Japanese. $$$. Well-crafted traditional Japanese with some modern extras like deep-fried mashed potato croquettes with mayo. Lunch and dinner daily. 3082 Marlow Rd, Santa Rosa. 707.527.8871.

Yao-Kiku Japanese. $$-$$$. Fresh sushi with ingredients flown in from Japan steals the show in this popular neighborhood restaurant. Lunch and dinner daily. 2700 Yulupa Ave, Santa Rosa. 707.578.8180.

M&Gâ&#x20AC;&#x2122;s Burgers & Beverages American. $.

Small Shed Flatbreads Pizza. $$. Slow Food-informed Marin Organics devotee with a cozy, relaxed family atmosphere and no BS approach to great food served simply for a fair price. 17 Madrona Ave, Mill Valley. Open for lunch and dinner daily. 415.383.4200.

Ad Hoc American. $$-$$$. Thomas Keller’s quintessential neighborhood restaurant. Prix fixe dinner changes daily. Actually takes reservations. 6476 Washington St, Yountville. 707.944.2487. Bistro Jeanty French. $$$. Rich, homey cuisine. A perfect choice when you can’t get a chance to do your Laundry. Lunch and dinner daily. 6510 Washington St, Yountville. 707.944.0103. Boonfly Cafe California cuisine. $-$$. Extraordinary food in an extraordinary setting. Perfect pasta and mussels. Breakfast, lunch and dinner daily. 4080 Sonoma Hwy, Napa. 707.299.4900.

Celadon Global comfort food. $$. Relaxed sophistication in intimate neighborhood bistro setting by the creek. Superior wine list. Lunch, Mon-Fri; dinner daily. 500 Main St, Ste G, Napa. 707.254.9690.

Checkers California. $$. Perfect casual spot for dinner before the movie. Try the panéed chicken and butternut squash ravioli. Lunch and dinner daily. 1414 Lincoln Ave, Calistoga. 707.942.9300.

Cindy’s Backstreet Kitchen Eclectic. $$-$$$. As comfortable as it sounds, with a rich and varied melting pot of a menu. Lunch and dinner daily. 1327 Railroad Ave, St Helena. 707.963.1200.

Cole’s Chop House American steakhouse. $$$$$. Handsome, upscale 1950s-era steakhouse serving chophouse classics like dryaged porterhouse steak and Black Angus filet mignon. Wash down the red meat with a “nostalgia” cocktail. Dinner daily. 1122 Main St, Napa. 707.224.6328.

Compadres Rio Grille Western/Mexican. $-$$. Contemporary food and outdoor dining with a Mexican flavor. Located on the river and serving authentic cocktails. Nightly specials and an abiding love of the San Francisco Giants. 505 Lincoln Ave, Napa. Lunch and dinner daily. 707.253.1111.

Fazerrati’s Pizza. $-$$.

SMALL BITES

Chicken and Pie, Hidy Ho! Food and Wine magazine just released its list of the ‘Best Fried Chicken in the U.S.’ (Momofuko Noodle Bar in New York City made the cut), but Santa Rosa recently got its own, albeit temporary, shot at the best fried chicken around, with the opening of pop-up restaurant Butcher & Cook. From now until Feb. 3, Sundays at Omelette Express belong to chef John Lyle and butcher Berry Salinas, who’ve been given free reign in the kitchen and dining area to serve their old-school, fried-to-perfection chicken meals. According to Butcher & Cook’s Facebook page, $5 of every whole chicken sold is donated to charity. A fixed menu includes fried chicken, mashed potatoes and gravy, collard greens, coleslaw, biscuits and a revolving door of desserts, varying from sweet potato pie to apple crisp. Lyle, the cook behind the recent “Chosen Spot” farm dinners, which highlighted creations that came out of Luther Burbank’s experimental gardens, is dedicated to using fresh, Sonoma County-grown ingredients in the meals. A full supper feeds four and includes eight pieces of chicken, three sides, four biscuits and half a pie ($58). A half supper feeds two and, obviously, includes less pie ($35). Pre-orders are available by phone or online, for both takeout and dine-in. Butcher & Cook is open every Sunday evening until Feb. 3, 5-8pm. 112 Fourth St., Santa Rosa. 707.205.6695.—Leilani Clark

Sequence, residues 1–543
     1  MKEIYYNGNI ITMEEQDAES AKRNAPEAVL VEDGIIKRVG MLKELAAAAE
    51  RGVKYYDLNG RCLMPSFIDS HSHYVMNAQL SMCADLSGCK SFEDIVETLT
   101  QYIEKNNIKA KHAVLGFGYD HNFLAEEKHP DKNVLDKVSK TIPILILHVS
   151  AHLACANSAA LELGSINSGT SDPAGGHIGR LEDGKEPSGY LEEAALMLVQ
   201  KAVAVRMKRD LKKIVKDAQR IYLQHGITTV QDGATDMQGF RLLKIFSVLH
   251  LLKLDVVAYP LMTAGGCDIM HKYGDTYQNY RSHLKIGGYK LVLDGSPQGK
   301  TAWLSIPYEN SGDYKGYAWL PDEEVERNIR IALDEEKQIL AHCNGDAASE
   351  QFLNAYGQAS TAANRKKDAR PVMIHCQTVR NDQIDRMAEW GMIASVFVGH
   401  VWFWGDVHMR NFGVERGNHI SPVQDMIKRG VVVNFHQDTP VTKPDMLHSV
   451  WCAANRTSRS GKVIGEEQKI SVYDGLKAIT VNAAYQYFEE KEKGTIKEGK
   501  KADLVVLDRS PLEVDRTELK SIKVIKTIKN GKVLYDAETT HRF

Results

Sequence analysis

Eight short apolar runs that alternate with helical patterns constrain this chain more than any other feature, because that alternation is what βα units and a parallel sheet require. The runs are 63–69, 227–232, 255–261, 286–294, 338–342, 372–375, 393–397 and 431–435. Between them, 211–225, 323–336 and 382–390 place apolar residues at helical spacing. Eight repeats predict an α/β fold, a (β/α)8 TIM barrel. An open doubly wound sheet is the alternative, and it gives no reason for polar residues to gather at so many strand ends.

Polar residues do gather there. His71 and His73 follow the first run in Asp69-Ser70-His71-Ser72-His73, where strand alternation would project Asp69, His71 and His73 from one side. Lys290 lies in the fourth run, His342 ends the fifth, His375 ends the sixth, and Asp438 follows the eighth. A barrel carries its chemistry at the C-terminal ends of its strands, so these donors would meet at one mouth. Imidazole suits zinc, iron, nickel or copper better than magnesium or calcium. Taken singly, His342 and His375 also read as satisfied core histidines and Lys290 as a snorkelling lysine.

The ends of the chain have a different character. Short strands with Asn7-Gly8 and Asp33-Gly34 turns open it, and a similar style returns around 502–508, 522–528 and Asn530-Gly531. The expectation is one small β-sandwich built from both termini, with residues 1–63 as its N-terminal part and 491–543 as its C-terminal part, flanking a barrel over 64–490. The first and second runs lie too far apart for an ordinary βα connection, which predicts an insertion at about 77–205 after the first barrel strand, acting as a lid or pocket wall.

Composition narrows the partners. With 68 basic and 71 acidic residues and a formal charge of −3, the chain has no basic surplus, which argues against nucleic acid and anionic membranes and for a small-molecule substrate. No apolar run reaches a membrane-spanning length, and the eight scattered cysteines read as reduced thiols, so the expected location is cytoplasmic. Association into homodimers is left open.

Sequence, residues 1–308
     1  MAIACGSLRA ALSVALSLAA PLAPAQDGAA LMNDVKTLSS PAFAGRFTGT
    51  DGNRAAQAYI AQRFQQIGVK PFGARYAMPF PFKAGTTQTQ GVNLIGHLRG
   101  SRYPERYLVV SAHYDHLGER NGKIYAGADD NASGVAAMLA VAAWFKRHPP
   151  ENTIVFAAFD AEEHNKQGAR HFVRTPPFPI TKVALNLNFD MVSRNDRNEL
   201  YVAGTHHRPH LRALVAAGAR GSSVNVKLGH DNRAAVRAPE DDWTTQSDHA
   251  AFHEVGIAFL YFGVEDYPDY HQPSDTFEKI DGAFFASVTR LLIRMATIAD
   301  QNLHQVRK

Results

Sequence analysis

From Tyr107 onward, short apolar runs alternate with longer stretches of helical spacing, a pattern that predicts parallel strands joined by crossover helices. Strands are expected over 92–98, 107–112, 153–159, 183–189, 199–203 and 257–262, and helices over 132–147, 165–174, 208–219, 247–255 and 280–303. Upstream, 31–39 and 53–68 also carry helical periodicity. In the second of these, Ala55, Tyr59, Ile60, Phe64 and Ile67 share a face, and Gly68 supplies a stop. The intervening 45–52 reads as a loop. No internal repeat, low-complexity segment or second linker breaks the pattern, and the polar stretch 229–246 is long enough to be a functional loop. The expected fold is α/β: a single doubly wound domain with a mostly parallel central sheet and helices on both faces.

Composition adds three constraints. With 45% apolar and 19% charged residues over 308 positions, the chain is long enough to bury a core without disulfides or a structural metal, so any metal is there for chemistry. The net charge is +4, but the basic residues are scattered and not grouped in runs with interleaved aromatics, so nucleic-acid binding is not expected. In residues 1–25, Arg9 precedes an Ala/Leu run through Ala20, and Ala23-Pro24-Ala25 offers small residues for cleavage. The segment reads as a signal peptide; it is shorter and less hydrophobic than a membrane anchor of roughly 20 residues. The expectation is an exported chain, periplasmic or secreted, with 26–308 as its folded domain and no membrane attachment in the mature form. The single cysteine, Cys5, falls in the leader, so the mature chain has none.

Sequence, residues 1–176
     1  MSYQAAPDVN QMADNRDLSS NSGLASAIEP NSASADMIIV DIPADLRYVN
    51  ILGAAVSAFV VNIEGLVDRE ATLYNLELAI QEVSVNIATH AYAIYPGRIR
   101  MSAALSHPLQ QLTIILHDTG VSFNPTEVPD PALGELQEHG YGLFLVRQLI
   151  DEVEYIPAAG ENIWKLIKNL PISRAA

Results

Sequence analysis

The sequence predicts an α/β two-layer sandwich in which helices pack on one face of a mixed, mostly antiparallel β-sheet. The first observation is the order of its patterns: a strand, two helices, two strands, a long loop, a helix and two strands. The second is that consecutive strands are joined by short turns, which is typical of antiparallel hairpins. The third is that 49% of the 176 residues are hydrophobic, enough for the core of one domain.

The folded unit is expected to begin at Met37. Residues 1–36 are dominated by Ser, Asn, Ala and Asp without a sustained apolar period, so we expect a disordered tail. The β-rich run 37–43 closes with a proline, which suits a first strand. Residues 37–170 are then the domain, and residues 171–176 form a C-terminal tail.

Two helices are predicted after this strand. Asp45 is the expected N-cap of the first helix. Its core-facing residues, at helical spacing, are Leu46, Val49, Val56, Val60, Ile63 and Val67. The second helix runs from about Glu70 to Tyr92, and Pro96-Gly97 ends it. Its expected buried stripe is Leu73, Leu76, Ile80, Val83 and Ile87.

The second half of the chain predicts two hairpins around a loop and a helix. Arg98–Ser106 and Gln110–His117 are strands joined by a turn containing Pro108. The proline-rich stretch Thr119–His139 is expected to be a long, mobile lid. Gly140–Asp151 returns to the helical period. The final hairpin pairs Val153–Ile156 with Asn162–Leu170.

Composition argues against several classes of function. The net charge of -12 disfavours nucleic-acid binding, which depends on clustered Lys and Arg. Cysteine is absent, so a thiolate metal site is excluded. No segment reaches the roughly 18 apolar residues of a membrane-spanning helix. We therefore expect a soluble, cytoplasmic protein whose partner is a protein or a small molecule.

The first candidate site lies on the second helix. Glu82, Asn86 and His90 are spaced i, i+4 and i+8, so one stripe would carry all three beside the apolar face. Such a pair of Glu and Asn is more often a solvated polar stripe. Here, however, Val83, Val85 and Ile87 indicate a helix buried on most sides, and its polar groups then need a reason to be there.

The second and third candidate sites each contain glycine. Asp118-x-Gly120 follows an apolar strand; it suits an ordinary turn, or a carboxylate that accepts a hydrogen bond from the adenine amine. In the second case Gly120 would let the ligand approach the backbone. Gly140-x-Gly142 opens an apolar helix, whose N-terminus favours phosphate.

Great pie, cool brews, the game’s always on. Great place for post-Little League. Lunch and dinner daily. 1517 W Imola Ave, Napa. 707.255.1188.

Redd California cuisine. $$$$$. Rich dishes balanced by subtle flavors and careful yet casual presentation. Brunch at Redd is exceptional. Lunch, Mon-Sat; dinner daily; brunch, Sun. 6480 Washington St, Yountville. 707.944.2222. Siena California-Tuscan. $$$$. Sophisticated, terroir-

informed cooking celebrates the local and seasonal, with electric combinations like sorrel-wrapped ahi tuna puttanesca. Breakfast, lunch and dinner daily; brunch, Sun. 875 Bordeaux Way, Napa. 707.259.0633.

Ubuntu Vegetarian. $$$$. Some of the most remarkable specimens of high-end vegetables and fruits available on a restaurant plate. Breakfast, lunch and dinner daily. 1140 Main St, Napa. 707.251.5656.

Grand Opening!

10 GIFT CERTIFICATE

$

One certificate per table. Minimum purchase of $25 or more. Cannot be combined with other special offers. Not valid for taxes or tips. Expires 1/19/2013

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707.823.6688 799 Gravenstein Hwy South Sebastopol, behind McDonald’s